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Right Sided MI - How Do I Tell The Difference


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#1 spenac

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Posted 22 April 2009 - 01:53 PM

OK help a student learn the differences. Start at the basics and go deep for me. What physical differences, what EKG differences (maybe post a strip showing), what is going to differ in treatment?

No this is not homework as I have completed my Paramedic course except clinicals. I actually did a paper on this but now want more, don't want no mistakes when I'm the Paragod in charge ;) .
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#2 wrmedic82

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Posted 22 April 2009 - 02:16 PM

I think the old worn saying says it best. Treat the patient, not the monitor. Common sense is also key.
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#3 scott33

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Posted 22 April 2009 - 02:45 PM

As far as EKGs go - I read somewhere that if the ST elevation in lead III is "taller" than in lead II, you will probably have a right-sided MI. Dunno how accurate this is, but any googling of "right-sided MI" would seem to show this...


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Edited by scott33, 22 April 2009 - 02:46 PM.

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#4 WolfmanHarris

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Posted 22 April 2009 - 03:13 PM

If 12 lead shows ST elevation in the inferior leads conduct a modified twelve lead looking for ST elevation in V4R with any two of II, III and avF. Also consider this rule of thumb, if the ST elevation is higher in lead III over lead II it is more likely that the RCA is involved over the circumflex branch (which only suuplies the inferior wall in ~20% of people).This may indicate a potential RVI or in may indicate and inferior wall MI.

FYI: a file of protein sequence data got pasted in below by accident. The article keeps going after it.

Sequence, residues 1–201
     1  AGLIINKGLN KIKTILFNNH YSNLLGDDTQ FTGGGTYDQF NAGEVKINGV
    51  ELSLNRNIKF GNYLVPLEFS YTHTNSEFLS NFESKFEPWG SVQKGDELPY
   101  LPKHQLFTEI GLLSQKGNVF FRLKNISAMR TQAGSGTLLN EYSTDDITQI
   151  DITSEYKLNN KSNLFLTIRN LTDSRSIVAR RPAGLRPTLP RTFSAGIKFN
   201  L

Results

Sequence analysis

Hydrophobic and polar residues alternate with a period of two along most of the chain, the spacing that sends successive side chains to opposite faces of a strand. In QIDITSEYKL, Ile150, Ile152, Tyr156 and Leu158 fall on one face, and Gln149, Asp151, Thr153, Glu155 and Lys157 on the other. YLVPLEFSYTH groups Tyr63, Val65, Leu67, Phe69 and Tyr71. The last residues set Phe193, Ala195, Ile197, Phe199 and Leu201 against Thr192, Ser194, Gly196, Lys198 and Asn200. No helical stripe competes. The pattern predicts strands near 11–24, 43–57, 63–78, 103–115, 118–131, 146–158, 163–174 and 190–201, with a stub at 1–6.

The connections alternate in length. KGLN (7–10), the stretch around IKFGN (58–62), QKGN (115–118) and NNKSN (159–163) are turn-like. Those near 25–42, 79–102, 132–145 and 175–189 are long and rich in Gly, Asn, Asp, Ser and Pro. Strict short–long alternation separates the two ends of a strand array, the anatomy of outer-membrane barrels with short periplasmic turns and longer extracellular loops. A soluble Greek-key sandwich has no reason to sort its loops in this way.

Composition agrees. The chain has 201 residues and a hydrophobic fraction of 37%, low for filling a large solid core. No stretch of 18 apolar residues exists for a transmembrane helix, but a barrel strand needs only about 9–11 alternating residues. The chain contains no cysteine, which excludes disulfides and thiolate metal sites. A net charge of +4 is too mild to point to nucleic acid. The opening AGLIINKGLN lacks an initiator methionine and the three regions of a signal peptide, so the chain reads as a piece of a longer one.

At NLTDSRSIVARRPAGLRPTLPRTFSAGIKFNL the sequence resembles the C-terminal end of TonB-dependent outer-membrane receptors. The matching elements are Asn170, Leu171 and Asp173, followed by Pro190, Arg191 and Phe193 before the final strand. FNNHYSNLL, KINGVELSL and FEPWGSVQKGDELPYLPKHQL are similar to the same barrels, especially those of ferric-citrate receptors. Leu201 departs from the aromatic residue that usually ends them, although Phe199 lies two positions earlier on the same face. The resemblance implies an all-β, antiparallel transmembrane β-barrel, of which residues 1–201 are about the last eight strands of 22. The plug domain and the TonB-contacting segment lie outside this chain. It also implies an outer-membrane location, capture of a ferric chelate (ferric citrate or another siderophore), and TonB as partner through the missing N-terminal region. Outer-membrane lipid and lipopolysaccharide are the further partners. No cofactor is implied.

In terms of clinical presentation look for JVD, or more specifically Kussmaul's sign where JVD becomes evident on inhalation. Expect hypotension due to reduced cardiac output. Expect lung sounds to be clear (pertinent negative to rule out cardiogenic shock)

Since RV AMI's occur most often due to occlusion of the right coronary artery expect that the RVI may occur in conjuction with an inferior wall MI. As such expect clinical signs of inferior MI such as nausea and vomitting due to vagal stimulation. Vagal stimulation may lead to an underlying sinus bradycardia or AV block.

Had to hit the books briefly to make sure I had the details right, but I surprised myself and remembered almost all of that. *Pat on back to self*

I think the old worn saying says it best. Treat the patient, not the monitor. Common sense is also key.


I don't follow on this at all. Common sense doesn't tell me dick about left vs right side MI. Common sense might tell me big fat guy, chain smoking with a huge cardiac history is more likely to have an AMI and keep my index of suspicion high, but this saying is for once incorrect. I cannot be sure (from my understanding) that a patient is not having a RVI without a 12 or 15 lead to rule out RV involvement. If I don't treat the monitor and jump to MONA than I'll drop their preload and potentially place the patient up a creek.

Don't confuse common sense with good, well-honed clinical judgement tempered by experience. Common sense lets us say "yep, you need a dressing for that bleedin." Clinical judgement let's us say, "these signs and symptoms suggest an MI, and the Kussmaul's sign, BP and N/V are making me think inferior or RVI. Let's take a closer look."

Cheers.

Edited by DocHarris, 22 April 2009 - 03:08 PM.

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#5 ERDoc

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Posted 22 April 2009 - 03:49 PM

spenac, get yourself the Garcia EKG book and make it your best friend (eat with it, pee with it, sleep with it just don't get the pages stuck together).

wrmedic, I have to disagree. I hate that saying because it is completely untrue. Your pt will not tell you, "I am having a right sided MI, you should be cautious with the nitroglycerin," but your EKG will. The pt can only describe the symptoms. It is the monitor/EKG that will give the diagnosis and guide your treatment.
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